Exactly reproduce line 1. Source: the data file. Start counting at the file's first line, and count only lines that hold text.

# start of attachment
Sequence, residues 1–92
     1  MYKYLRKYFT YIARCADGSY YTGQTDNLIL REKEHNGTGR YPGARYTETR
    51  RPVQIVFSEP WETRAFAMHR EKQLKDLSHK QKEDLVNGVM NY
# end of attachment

Sequence, residues 1–92